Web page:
The idea that clothing contributes to rape is false — and incredibly common.
The idea that clothing has something to do with sexual aggression is global and persistent. In 1999, the Supreme Court of Appeals in Rome ruled that a woman in jeans could not be raped because a rapist could not forcibly remove her pants. The police question sexual assault victims about their clothing as if the length of their skirt is an indication of her consent. It’s a common argument that always boils down to the same nonsense: if the victims were different, they wouldn’t have been intimidated. It’s a comforting myth that ensures it’s easy to pretend that sexual assault only happens to people who make poor decisions. It is also a myth that has been completely debunked by the Department of Justice, RAINN, and many other organizations. A study by the Federal Commission on Violent Crimes showed that only 4.4 percent of all reported rapes involved “provocative behavior” on the part of the victim. (In murder cases, it’s 22 percent.) It also found that the majority of convicted rapists did not remember what their victims were wearing. Studies show that women with passive personalities who tend to dress in layers, with pants and long sleeves and with a high neck, are actually more likely to be raped. In one study, 1 in 3 college students said that she would force someone to have sex if she could get away with it, and that she had nothing to do with clothing.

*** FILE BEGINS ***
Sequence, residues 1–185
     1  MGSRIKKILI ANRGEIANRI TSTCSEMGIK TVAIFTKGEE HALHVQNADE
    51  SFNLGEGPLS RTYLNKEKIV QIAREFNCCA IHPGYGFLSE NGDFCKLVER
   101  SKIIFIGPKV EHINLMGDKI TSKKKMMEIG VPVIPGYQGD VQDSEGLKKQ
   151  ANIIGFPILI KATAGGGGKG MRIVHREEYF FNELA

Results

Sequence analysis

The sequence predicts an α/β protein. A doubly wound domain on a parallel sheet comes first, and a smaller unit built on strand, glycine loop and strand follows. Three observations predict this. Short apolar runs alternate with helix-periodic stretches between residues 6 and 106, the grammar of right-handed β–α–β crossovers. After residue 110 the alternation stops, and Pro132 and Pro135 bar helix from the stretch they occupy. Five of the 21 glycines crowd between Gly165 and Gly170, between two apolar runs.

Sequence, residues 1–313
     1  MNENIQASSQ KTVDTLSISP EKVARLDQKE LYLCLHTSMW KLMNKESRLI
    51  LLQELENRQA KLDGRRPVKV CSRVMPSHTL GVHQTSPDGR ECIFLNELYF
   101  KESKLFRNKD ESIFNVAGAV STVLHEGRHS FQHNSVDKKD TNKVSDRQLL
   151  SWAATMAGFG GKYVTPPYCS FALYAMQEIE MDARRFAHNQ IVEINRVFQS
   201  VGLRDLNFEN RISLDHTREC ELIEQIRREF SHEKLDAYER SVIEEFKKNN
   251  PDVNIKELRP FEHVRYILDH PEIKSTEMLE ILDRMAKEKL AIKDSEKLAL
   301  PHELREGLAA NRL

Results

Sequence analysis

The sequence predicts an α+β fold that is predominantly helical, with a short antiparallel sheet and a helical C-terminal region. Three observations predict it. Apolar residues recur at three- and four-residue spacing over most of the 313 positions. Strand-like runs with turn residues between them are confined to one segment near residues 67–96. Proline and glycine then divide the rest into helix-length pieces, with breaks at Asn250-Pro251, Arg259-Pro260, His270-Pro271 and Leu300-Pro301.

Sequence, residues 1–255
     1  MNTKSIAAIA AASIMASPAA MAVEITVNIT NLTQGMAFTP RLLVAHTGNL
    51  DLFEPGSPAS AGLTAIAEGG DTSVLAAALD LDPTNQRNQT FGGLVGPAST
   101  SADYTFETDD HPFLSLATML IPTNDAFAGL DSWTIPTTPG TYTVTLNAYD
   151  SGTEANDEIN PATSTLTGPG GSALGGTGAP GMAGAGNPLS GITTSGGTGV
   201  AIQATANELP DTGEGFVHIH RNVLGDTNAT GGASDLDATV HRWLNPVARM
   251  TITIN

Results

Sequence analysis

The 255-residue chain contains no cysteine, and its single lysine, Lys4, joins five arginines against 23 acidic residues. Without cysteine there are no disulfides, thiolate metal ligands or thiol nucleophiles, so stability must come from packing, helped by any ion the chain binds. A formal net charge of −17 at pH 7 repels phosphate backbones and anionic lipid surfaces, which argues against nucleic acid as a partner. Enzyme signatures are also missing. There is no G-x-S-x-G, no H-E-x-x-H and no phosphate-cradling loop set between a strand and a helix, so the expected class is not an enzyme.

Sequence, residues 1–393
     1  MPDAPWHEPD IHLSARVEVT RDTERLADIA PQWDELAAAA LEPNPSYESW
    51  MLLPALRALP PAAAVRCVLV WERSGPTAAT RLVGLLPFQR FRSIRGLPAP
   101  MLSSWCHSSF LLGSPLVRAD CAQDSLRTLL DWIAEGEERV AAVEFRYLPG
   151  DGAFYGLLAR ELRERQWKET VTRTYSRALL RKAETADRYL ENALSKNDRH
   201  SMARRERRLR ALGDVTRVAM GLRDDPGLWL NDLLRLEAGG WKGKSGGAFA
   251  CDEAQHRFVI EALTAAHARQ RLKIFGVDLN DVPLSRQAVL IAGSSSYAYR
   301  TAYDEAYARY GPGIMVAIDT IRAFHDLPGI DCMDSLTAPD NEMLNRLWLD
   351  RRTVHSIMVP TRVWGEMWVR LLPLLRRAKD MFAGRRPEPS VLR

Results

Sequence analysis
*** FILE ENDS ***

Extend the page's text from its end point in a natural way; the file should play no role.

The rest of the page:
#DontTellMeHowToDress campaign, is an initiative led by local celebrities and activists to challenge social attitudes around sexual violence and the treatment of victims. “Sexual harassment and assault is a very big issue in our society, but it’s an issue no one really talks about,” said Sirinya Bishop, a well-known model and actress. “There are many myths, stereotypes and a culture of victim blaming when it comes to women who have been assaulted. Women who do report sexual harassment and violence tell us they need better support by friends, colleagues, families, and communities.”